English 3430 Syllabus


Play Writing for Creative Writers - Last Updated August 23, 2016



I'm Lee Ann Mortensen and I have an MFA in Creative Writing from the University of Utah.  Though I have written in a variety of genres, I primarily focus on neo-postmodern, sort of minimalist prose/fiction that focuses on marginalized voices in the West. If you like, click here to read my sometimes upsetting, angry, funny, four-letter-word work (that means it isn't everything for everyone). I've been published in journals like Ploughshares, River Styx and Prism International.

OFFICE: CB410d--E.mail is the best way to get ahold of me during the school year.
HOURS: I'm usually in my office CB410d TTH 2:45-3:45 or TTH 7:30-8:30PM by appointment; sometimes I'm in my classroom CB413. Be sure to also take advantage of consultation days--see the Web Calendar.
PHONE: 801-863-8785
E.MAIL: mortenle@uvu.edu.


(plays are usually quick reads, so this is much less reading than you think)


Who do you think writes all those plays on Broadway (but mostly off; revivals like The Color Purple is on right now), all those television shows (Breaking Bad; Nurse Jackie; Boardwalk Empire; Orange is the New Black), all those movies (Syriana; Blue Jasmine)?  You, of course, if you find that these are the genres that let you speak in ways you can't speak with prose and poetry.  Playwriting can be a craft like our textbook states, though it's also an art. Anna Deveare Smith, an actor and playwright we'll be reading and watching this semester, talks about making "art that seeks to study and inform the human condition." Is that something that motivates you to write? Ionesco's play Rhinoceros is a commentary on fascism, as everyone in his play eventually follows the herd (of rhinoceri). But the dialogue is also funny, fussy, circular, nihilistic which for many is the opposite of entertaining. Is that something that motivates you to write? The ability to see an audience react to your work is something unique and exciting (and nerve wracking), but by the end of the semester, you should have something that is ready to try out in front of others.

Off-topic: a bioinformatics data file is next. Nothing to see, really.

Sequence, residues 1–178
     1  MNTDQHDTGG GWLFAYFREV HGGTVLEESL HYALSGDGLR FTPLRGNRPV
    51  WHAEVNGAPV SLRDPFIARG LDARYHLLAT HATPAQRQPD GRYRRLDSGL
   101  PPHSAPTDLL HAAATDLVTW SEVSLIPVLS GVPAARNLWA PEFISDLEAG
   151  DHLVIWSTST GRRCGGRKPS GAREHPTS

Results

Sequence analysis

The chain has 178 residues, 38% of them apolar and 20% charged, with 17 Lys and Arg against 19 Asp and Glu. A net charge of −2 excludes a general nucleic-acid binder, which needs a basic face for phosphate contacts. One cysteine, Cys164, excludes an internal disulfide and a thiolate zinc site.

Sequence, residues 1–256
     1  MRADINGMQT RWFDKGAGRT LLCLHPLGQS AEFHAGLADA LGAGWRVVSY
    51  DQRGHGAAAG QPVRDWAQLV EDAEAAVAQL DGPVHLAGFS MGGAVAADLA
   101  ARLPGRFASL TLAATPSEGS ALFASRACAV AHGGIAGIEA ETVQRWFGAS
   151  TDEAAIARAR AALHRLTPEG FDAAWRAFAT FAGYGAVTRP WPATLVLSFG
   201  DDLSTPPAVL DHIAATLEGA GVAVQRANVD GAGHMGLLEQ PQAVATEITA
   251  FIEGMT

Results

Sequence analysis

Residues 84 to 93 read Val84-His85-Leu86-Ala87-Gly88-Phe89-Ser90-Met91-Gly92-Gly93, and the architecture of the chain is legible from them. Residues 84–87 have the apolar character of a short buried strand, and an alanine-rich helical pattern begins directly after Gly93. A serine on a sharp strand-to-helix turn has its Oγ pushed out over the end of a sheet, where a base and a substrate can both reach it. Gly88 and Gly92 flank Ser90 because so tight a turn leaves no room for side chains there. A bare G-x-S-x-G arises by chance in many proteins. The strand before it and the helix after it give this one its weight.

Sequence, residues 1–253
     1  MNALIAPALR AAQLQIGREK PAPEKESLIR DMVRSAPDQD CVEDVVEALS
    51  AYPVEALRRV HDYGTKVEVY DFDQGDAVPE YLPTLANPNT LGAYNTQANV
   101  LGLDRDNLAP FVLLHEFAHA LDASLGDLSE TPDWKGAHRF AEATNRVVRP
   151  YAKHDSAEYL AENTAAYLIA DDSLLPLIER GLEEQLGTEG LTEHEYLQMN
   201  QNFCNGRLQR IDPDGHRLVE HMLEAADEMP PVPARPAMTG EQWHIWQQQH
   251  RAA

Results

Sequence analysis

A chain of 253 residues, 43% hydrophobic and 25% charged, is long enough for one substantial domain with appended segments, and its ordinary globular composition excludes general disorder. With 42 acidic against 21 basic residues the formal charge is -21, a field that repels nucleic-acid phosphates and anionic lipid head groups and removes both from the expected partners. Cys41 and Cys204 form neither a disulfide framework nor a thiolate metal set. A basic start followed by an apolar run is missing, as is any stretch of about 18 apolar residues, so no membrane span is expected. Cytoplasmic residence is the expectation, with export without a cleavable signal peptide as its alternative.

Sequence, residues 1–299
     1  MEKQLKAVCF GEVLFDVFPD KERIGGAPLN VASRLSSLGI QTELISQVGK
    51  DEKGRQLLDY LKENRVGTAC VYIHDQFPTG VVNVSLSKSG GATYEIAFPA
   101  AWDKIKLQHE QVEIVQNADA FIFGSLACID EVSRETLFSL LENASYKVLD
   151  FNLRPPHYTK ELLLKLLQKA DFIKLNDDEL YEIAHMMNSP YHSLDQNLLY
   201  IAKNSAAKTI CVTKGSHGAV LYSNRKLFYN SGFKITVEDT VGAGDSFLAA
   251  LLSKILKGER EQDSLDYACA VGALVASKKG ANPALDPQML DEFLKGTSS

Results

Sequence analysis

In this class we'll think in writerly ways about traditional realism as well as absurdism and postmodernism when reading other's works and creating our own. We'll think about characters wanting something badly whether it be self-determination, love, youth, logic, racial justice, other people's lives, or simply not to die. With all this I also want you to THINK OUTSIDE THE REALISM BOX and be open to the surprise of language. 



1. Attendance is vital, so if you miss more than 5 courses, you will not pass this course. If you are late 3 times, or leave early 3 times, this will count as one of your 5 absences.

2. Writing Assignments must be turned in by midnight the day they are due or you will lower your course grade (you will have less favorability). Always keep a photo copy and jumpdisk backup for yourself. Always keep your work saved on multiple digital cloud spaces.  Endorse assignments using play or screenwriting format 

3. I cannot give anyone an Incomplete unless you have a life and death situation come up.

4. Respect and Maturity are absolutely necessary, especially when we will be looking at diverse writing, "real" writing, by those who accept criticism as if it were a dagger in the spine. I will assume you are all mature adults and treat you accordingly until you show me otherwise. You dictate the level of respect.

5. If you have not had a College Writing I course yet or its equivalent, please see me!

6. Students with Disabilities - If you have any disability that may impair your ability to successfully complete this course, please contact the UVU Accessibility Services Department (LC 312, www.uvu.edu/asd/; 863-8747). Academic accommodations are granted for all students who have qualified documented disabilities. Services are coordinated with the student and instructor by the Accessibility Services Department.

7. Remember, no children are allowed in classrooms at UVU--please visit the Wee Care Center.